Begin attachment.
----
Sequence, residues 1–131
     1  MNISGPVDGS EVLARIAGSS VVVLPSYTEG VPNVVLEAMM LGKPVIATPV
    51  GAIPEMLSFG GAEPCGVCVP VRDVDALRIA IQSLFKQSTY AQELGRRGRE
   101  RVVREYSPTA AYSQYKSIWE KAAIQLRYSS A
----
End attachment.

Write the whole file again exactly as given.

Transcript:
Sequence, residues 1–131
     1  MNISGPVDGS EVLARIAGSS VVVLPSYTEG VPNVVLEAMM LGKPVIATPV
    51  GAIPEMLSFG GAEPCGVCVP VRDVDALRIA IQSLFKQSTY AQELGRRGRE
   101  RVVREYSPTA AYSQYKSIWE KAAIQLRYSS A